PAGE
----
2 posts tagged “conference speaker”

PatientsLikeMe at Medicine 2.0

Posted September 26th, 2012 by

With more than 500 attendees from 36 countries, the 5th Annual Medicine 2.0 World Congress took place September 15-16th at Harvard Medical School here in Boston.  Among these attendees were several PatientsLikeMe leaders, including keynote speaker Jamie Heywood and conference presenters Sally Okun and Paul Wicks.

The 5th Annual Medicine 2.0 Congress Took Place in Our Home City of Boston

In an unusual twist, all three PatientsLikeMe speakers got to present back-to-back, starting with Co-Founder and Chairman Jamie Heywood’s opening keynote about how his brother Stephen’s experience with ALS shaped his understanding of basic concepts like health, well-being and disease.  He then shared how PatientsLikeMe was founded to help patients like Stephen record and share their symptom and treatment data in a way that is meaningful to them, other patients and researchers. “Human networks are connecting information and data in ways that have never before existed,” he told the crowd.

Next to speak was Dr. Paul Wicks, our Research & Development Director, who gave a presentation entitled “But Will It Scale?  Lessons in Growth from PatientsLikeMe.”  He discussed how PatientsLikeMe evolved from a data-sharing platform for patients with a single disease – ALS – to a general platform serving more than 160,000 patients with more than 1,300 health conditions and a myriad of symptoms.   Important lessons covered included streamlining the research processes, refining the medical ontology and adjusting the business model.

Finally, PatientsLikeMe Health Data Integrity Manager Sally Okun – whose talk was entitled “Patient Voices:  The Power of Shared Knowledge” – then looked at some of the challenges of turning individual stories into shared knowledge.  One of the biggest hurdles:  how do you capture the patient experience in clinical terms, given that patients don’t speak this way?  For example, instead of talking about a “gait disturbance,” patients might report that they are stumbling, limping, dragging a foot or “walking like a drunk.”  (In fact, Sally shared that PatientsLikeMe members have used 35 different terms for this one clinical concept.)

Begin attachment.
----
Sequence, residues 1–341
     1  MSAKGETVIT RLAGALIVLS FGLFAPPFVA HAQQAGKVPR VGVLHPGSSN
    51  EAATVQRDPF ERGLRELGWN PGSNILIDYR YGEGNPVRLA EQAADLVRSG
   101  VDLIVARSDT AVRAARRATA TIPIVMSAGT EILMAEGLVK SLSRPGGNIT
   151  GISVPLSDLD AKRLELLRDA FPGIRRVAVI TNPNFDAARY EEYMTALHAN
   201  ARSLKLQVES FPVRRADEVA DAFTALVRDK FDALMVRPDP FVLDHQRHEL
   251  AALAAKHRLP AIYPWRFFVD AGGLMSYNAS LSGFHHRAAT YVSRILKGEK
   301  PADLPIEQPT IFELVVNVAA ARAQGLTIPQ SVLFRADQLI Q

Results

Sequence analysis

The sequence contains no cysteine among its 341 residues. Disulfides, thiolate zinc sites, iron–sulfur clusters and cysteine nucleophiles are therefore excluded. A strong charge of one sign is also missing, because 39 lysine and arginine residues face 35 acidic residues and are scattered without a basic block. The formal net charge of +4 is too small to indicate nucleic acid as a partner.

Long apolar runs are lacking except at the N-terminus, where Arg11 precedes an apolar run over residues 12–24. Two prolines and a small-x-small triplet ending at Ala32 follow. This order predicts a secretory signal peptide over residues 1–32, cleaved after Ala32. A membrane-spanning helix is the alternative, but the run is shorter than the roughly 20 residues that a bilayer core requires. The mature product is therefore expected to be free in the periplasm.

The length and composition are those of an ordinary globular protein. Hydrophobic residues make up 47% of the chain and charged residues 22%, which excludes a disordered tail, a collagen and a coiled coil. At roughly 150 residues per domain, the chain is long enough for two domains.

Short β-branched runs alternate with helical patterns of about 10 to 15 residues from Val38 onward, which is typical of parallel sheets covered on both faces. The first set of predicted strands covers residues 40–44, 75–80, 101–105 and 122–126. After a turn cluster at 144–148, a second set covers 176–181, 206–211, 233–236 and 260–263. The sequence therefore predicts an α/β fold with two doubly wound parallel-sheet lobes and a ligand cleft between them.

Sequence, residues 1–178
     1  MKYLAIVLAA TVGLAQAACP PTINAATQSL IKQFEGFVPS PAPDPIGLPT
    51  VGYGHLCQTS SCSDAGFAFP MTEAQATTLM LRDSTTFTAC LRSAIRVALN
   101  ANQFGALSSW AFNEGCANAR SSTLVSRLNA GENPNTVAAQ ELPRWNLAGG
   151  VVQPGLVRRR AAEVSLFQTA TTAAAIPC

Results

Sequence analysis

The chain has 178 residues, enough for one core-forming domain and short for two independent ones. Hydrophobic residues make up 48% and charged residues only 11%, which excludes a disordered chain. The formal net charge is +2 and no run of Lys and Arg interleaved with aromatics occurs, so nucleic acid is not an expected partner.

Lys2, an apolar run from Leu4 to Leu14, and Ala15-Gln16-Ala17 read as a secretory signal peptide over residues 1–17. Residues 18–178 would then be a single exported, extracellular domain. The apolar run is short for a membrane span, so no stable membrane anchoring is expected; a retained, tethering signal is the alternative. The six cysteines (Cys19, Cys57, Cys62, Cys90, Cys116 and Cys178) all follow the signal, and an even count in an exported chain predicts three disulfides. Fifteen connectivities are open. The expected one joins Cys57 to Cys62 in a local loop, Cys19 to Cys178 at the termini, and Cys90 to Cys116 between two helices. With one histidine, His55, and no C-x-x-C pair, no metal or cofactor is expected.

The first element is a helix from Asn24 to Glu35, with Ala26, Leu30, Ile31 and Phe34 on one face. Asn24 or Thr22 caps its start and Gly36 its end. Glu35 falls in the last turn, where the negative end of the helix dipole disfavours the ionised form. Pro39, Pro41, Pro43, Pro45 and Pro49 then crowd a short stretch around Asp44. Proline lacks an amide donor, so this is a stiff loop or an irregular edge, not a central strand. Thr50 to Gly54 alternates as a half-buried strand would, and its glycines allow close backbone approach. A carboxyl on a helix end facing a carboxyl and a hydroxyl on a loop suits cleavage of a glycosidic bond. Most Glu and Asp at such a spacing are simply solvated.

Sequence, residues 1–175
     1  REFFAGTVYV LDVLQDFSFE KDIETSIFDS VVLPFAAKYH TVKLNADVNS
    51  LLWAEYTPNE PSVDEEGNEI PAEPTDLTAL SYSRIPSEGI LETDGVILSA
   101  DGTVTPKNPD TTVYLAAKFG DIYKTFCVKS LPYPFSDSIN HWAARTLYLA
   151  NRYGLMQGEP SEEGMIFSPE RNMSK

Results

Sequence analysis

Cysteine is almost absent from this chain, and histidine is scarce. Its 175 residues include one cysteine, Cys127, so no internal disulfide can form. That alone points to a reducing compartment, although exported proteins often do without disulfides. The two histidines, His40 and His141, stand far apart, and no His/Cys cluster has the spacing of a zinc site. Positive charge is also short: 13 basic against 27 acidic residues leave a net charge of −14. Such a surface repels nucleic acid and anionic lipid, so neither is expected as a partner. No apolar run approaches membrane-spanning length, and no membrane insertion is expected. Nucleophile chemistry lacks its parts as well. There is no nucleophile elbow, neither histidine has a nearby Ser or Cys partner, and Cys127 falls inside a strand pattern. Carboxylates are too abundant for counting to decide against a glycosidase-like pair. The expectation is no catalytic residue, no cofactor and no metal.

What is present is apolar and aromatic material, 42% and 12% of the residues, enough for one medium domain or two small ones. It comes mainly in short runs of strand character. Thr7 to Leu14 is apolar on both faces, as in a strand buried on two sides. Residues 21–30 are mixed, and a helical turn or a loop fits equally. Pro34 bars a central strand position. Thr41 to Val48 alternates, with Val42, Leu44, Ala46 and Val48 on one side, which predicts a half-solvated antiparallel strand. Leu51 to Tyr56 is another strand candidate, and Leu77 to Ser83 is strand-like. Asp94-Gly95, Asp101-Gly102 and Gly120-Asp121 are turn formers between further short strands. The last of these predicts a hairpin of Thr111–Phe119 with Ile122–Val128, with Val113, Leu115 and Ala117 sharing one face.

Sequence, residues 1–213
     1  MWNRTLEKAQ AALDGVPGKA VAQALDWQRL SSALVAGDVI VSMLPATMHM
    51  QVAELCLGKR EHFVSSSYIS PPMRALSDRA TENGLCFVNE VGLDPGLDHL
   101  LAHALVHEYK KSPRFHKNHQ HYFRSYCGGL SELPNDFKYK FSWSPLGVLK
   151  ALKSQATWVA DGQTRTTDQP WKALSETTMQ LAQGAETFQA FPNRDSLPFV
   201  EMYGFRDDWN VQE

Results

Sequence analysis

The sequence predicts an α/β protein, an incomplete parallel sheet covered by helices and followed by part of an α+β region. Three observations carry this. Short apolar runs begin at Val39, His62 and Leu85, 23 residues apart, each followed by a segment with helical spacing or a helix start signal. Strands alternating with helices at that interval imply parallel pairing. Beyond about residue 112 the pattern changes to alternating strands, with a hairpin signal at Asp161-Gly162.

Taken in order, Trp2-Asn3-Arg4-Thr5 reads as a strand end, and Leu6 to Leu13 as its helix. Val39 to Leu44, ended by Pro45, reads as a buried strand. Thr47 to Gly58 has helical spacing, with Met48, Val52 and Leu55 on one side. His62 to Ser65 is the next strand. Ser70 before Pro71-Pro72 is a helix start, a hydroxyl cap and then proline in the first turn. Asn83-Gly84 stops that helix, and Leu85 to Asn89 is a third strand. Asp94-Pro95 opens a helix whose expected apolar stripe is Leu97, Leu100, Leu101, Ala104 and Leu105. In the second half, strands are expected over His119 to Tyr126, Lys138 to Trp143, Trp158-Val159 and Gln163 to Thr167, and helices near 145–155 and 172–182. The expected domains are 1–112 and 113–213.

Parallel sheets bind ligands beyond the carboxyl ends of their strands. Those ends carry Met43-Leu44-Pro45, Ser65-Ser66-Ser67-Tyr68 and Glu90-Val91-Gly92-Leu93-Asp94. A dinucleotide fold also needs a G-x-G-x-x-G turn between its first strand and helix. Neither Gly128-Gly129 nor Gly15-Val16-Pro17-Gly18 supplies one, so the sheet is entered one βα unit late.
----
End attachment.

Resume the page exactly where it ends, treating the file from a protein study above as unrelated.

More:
What was the reaction to this trio of talks?  Sally reports, “I think the juxtaposition of Jamie, Paul and me speaking was quite effective.  Our commitment to capturing and honoring the patient voice certainly resonated with the people I spoke with.” Another way to gauge the response – and certainly an apropos one given the conference’s focus on social media – is to examine the Twitter activity generated by these presentations. Here are a few of the 7,000+ (!) Tweets associated with the conference hashtag #med2 that gave shout outs to PatientsLikeMe:

Click Here to See Cassie's Very Cool Sketch!

A Quote From Jamie Heywood's Keynote Address

Sally Okun's Poem Resonated with Susannah Fox and Others

This Quote in Jamie's Talk Got a Lot of Attention

We Like These Big Important Questions About PatientsLikeMe!


How Social Media Is Changing Research (Part II): A Guest Post by MS Clinical Trial Participant and Blogger Jeri Burtchell

Posted September 13th, 2012 by

Today’s guest post is written by PatientsLikeMe member Jeri Burtchell (TickledPink), who has been living with multiple sclerosis (MS) for 13 years.  A tie dye apparel store owner and mother of two, she writes a blog entitled “Gilenya and Me:  My Story of Being an MS Patient, a Hypochondriac and a Guinea Pig.”  Her patient advocacy and social media presence led to her being invited to speak the Disruptive Innovations conference taking place in Boston this week.

Read Part I of Jeri’s guest post first!